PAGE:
Travel: In Durango, zero-out your trip meter at the corner of East Animas Road, CR 250, and Florida Road, CR 240. Go north on CR 240. At 12.0 miles (Helen's Store), continue straight on CR 243, following the sign to Lemon Reservoir. In 13.7 miles reach the Lemon Dam. Drive on a gravel road along the east side of the lake, passing a campground. At 19.1 the road splits. (To the left is Transfer Campground.) Turn right on FS 597, East Florida Road. For the next very slow 10.7 miles, the road is rocky and riddled with large potholes requiring 4WD, high clearance. After rain, the potholes are ponds. The track climbs steadily but is not steep or exposed. At 25 miles, pass a series of clearings chock full of orange sneezeweed, encircled by heavy conifer and aspen forests. At 27.4 miles go right, avoiding FS 597C. At 29.2 miles bear right again, avoiding FS 597D. At 29.6 miles go left at an unnamed fork. Reach generous TH parking at 29.8 miles. Guaranteed, this jarring road will leave you feeling like a bobble-head doll. Allow 1:30 to 2:00 from Durango.
Distance and Elevation Gain : 12.1 miles, 2,450 feet of climbing
Time: 5:30 to 7:00
Difficulty: Fast trail, off-trail; navigation easy; no exposure; Class 2
Maps: Lemon Reservoir; Vallecito Reservoir; Columbine Pass, Colorado 7.5 Quads; Weminuche Wilderness, Trails Illustrated #140
Dates Hiked: July 4, 2013; July 11, 2014
Quote: There are always flowers for those who want to see them. Henri Matisse
Route: The bulk of the distance is quickly made on the Endlich Mesa Trail (EMT). Only the final 0.5 mile and 700 feet of vertical is off-trail.
Several vehicles will inevitably be in the trailhead parking lot. Here's why. The EMT is popular with backpackers. Wonderful possibilities exist. For instance, walk north all the way to Columbine Pass. From there it is a quick drop into Chicago Basin, the basecamp for access to remote 14'ers and high 13'ers.
The trail is grossly eroded, braided, and somewhat ambiguous. However, there are gigantic cairns leading due east from TH 11,297'. Spur 534 contacts the EMT coming up from the south in 0.6 mile. If you have some confidence in your navigation abilities, just shy of 0.5 mile, leave the spur and go NE to intersect the trail at 0.9 mile. Both routes are depicted on the map above. Make a mental note of where you intend to leave the main trail on your return to the TH.
The ridge is broad and treed for the first mile. The trail utilizes an old road. Orange sneezeweed is the predominant flower in July.
The trail traipses through a rich field of dusky, rosy paintbrush and elegant death camas at 1.2 miles. Be careful not to brush against this ultra poisonous plant. And then, oh my goodness! Have a first look at the San Juan's jaggedy horizon, the reason the parking lot folks are backpacking: Pigeon, Turret, Eolus, Windom, Sunlight...
In 1.4 miles, at Point 11,958', the trail drops 100 feet down a limestone outcrop. Lining the limey path are Colorado Tansy Asters, a fairly rare plant that is on the species-of-concern list. Enter the Weminuche Wilderness.
This hike is utterly astonishing with near constant visual overload. Flowers are underfoot, in the ever-nearing distance are monumental peaks, and all the while, walk on what has to be Colorado's biggest swath of uninterrupted tundra. If you have favorable weather, walk over to Crevasse, 12,300'. Like Endlich Mesa in general, its western slopes are softly rising tundra, with a near vertical craggy drop to Vallecito Creek on the east edge.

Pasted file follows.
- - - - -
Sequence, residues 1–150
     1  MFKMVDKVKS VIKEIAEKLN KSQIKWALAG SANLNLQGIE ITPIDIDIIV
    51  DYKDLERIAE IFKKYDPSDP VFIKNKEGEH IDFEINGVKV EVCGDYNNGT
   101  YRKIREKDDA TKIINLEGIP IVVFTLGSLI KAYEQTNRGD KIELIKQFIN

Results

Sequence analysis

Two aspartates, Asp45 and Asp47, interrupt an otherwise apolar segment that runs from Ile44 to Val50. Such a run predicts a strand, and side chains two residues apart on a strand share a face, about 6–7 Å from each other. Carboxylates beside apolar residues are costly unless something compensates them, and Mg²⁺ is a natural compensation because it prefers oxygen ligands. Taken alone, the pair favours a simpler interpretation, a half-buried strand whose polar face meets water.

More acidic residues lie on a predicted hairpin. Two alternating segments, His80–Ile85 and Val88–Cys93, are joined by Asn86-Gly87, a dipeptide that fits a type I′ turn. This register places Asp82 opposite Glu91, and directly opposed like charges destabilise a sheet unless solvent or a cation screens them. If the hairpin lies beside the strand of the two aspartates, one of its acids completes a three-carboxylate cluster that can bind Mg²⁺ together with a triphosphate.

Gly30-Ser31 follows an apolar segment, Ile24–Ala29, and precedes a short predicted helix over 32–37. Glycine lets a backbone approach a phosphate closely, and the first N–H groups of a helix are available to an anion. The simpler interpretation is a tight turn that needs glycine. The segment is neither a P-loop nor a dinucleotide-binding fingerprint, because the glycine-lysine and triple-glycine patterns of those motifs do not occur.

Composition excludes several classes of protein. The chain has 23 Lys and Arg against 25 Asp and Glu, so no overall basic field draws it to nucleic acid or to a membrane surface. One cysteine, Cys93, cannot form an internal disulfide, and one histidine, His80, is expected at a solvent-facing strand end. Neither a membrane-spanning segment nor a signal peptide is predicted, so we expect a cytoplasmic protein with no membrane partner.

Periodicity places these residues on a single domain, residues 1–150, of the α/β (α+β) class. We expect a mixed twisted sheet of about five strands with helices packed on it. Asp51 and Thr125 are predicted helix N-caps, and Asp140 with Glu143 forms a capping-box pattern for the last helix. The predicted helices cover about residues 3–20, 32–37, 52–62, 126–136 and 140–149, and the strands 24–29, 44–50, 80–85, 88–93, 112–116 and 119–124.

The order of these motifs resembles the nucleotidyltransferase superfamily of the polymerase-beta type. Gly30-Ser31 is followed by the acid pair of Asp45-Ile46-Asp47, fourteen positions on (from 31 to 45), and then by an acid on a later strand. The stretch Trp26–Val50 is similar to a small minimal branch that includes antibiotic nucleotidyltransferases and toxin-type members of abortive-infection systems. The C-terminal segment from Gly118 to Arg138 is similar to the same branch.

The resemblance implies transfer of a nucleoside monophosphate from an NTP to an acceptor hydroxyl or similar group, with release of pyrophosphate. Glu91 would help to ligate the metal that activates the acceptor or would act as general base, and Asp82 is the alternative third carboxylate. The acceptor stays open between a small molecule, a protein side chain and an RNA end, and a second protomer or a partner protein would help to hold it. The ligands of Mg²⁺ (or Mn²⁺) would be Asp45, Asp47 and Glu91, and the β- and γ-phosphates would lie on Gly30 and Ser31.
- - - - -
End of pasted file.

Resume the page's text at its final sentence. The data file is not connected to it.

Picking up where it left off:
The trail meanders through scattered, spheroidal granitic boulders. Great slabs mound up from the grass. It is a gradual uphill to Pass 12,307' at 4.0 miles.
This vantage point affords the first view of Sheridan Mountain, the double prominence in the image center. From the pass, the trail drops 300 feet. Once, I contoured along the west slopes of Pt 12,470'. I got cliffed out and dropped down the west ridge back to the trail.
At 4.7 miles there is an unsigned junction, shown below. The formal Endlich Mesa Trail descends left/north to City Reservoir. To reach the peak, continue straight on the "Sheridan Mountain Spur Trail." This elk, sheep, and human multi-thread, contours around Pt 12,442', shown below, center.
The trail goes to an eastern overview before contouring. Looking carefully at the image below, people are taking a shortcut, regaining the trail at the base of Pt 12,442'.
On the north side of Pt 12,442', a secondary trail goes west to the City Reservoir. Leave the trail and climb the rather steep, south ridge of Sheridan. The surface is crushed granite and flora.
There is a false summit after 520 feet of climbing. Either go around it on the west or through the top boulders. Drop 50 feet to a saddle and climb 150 feet to a second inconsequential false summit before seeing the actual peak. Now descend 20 feet to the final saddle. Sheridan is glad for the infrequent visitor. It has a welcoming stone stairway that leads directly to the zenith. (EJB, photo)
The unexpected greets you. Below the mountain to the north are glaciated sheets of granite interspersed with water pockets.
In the northwest, the line-up you've been looking at all day, is close and calling.
I've been caught in the rain on both trips back from Sheridan. Once, the storm was severe, dropping hail and torrents of water, lightning flashing so close I felt like a sitting duck for miles. I hope to return on a good weather day for I'd like to walk along the eastern edge of Endlich Mesa while traveling back to the trailhead.